Scapa Flow is out of normal range of the Luftwaffe, even the Ju-88s, based in Benelux and France.
However, basing them in Denmark brings Scapa back into range. The map has been extended to use Denmark as a base of operations.
Fighter Command disposition has a net over SE England. Any air mission through the area will be patrolled. All British fighters in the area have a patrol and interception range of 4 hexes, except for the Blen-4 night fighters based in north London and Norwich. The other two long range fighters, the Blenheim 1-Fs are north, defending Scapa Flow, Belfast and Edinburgh.
The turn starts, not with Luftwaffe movement, but with British air movement. A pair of British bombers are sent to sea zone 14 to patrol just in case the Kriegsmarine moves. They are there patrolling until the British air return step.
The bombing missions begin. As I expected, the British were surprised that I did not target Scapa Flow. Obviously I have some skill in deception.
What are the targets? Radar sites and factories.
Coventry, Bristol, and the North London factories are targeted by Ju-88 bombers and He-111s. The mission to north London is led by He-111H night bombers as pathfinders. Because this mission is at night, only the night fighter in north London can patrol attack it.
Radar sites along the southern coast are targeted by Ju-87s and Do-17Z bombers, escorted by Me-110s and Me-109s. Doubtful the RAF will make an appearance beyond making patrol attacks, which is no risk to them.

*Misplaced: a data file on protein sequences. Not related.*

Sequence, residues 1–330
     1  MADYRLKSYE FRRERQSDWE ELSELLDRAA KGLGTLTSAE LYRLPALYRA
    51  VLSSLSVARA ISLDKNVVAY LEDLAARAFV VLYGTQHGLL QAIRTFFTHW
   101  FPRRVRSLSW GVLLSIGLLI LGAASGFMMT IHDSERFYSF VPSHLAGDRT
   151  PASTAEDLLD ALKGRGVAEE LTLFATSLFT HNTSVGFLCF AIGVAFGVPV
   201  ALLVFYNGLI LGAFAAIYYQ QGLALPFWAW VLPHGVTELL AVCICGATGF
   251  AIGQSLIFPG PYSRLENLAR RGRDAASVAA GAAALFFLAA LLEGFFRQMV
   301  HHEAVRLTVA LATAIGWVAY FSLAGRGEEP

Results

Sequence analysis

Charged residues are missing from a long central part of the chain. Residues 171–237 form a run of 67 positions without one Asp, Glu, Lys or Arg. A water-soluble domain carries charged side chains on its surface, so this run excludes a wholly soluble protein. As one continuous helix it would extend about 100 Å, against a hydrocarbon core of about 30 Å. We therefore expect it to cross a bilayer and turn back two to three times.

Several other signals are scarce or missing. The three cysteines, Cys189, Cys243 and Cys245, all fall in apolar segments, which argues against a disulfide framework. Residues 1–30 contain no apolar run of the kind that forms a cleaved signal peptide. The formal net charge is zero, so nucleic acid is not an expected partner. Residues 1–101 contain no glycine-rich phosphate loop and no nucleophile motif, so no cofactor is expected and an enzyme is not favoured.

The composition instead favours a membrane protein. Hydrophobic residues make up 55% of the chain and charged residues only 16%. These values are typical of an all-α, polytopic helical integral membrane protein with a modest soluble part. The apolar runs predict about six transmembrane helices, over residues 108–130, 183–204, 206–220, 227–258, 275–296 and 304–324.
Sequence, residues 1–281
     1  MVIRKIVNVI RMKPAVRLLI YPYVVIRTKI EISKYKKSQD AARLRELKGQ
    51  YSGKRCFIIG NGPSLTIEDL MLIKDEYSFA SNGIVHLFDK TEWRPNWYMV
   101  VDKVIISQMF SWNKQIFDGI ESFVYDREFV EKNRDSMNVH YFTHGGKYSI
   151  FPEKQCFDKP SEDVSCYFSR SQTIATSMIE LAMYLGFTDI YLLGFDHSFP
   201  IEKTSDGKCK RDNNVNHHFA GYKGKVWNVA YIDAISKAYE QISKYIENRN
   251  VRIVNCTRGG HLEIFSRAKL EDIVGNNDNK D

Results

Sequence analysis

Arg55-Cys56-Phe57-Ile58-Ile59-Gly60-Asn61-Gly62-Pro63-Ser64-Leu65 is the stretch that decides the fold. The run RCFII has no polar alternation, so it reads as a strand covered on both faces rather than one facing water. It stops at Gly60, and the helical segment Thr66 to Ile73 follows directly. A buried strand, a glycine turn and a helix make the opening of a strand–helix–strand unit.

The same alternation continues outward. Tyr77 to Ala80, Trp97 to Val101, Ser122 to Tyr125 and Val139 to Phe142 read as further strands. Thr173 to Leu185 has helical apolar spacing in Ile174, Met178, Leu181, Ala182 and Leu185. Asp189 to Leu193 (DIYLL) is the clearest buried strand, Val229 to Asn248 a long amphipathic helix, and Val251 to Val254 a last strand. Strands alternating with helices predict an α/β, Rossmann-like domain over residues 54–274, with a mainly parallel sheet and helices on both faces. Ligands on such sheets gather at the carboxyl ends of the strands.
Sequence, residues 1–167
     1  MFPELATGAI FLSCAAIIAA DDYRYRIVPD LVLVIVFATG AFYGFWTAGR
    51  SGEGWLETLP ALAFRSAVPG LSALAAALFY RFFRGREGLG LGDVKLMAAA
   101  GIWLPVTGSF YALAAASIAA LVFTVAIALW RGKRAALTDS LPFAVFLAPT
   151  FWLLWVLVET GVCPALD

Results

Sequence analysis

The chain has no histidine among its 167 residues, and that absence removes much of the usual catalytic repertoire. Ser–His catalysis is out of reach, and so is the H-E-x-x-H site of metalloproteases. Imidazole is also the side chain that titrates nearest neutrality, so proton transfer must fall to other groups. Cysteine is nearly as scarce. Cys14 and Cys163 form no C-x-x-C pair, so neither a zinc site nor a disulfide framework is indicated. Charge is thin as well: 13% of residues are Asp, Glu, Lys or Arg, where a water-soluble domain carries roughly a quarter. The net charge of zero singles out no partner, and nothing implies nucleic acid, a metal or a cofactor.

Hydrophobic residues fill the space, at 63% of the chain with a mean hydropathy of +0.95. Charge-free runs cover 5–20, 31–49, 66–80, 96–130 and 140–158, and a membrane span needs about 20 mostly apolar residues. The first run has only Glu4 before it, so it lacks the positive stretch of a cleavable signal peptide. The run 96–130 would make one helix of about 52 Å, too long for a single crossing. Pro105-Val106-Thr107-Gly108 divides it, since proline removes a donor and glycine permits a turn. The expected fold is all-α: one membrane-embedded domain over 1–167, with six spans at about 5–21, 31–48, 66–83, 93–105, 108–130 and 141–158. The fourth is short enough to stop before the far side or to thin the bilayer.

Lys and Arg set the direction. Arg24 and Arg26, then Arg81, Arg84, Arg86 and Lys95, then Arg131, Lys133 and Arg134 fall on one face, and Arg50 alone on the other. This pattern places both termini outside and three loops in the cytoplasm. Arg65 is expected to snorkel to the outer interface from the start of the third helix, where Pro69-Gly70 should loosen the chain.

Overall, the RAF is only able to abort a single Me-110C and a Ju-88A.
As expected though, the Stukas have difficulty reaching their targets. None are shot down, but of the 400 Stukas sent on the attack, only 50 reach the target area. A group of Ju-87B’s carrying a full bomb load, manage to tear up and abort a group of Hurricanes before returning to base.
Scared of the Me-109s? The British should be scared of the Stukas. And this.
Attacked by a group of Blenheim 4 night fighters over a radar installation at Great Yarmouth, Ju-88s shoot down the Blen 4s.
That’s right. A group of medium bombers shot down a British night fighter. KIA. Bye-bye!
One radar installation that was supposed to be bombed wasn’t because of highly accurate AA fire that chased the bombers off. Factories, though, suffered for the lack of RAF defense. The factory at Bristol took 3 hits, the factory at Coventry took another 2. The factory in north London was spared because after the He-111H night bombers herded the rest of the daytime He-111s to the target, they were chased off by antiaircraft fire. The results are misses to the factory, but lots of leaflets flying through the air.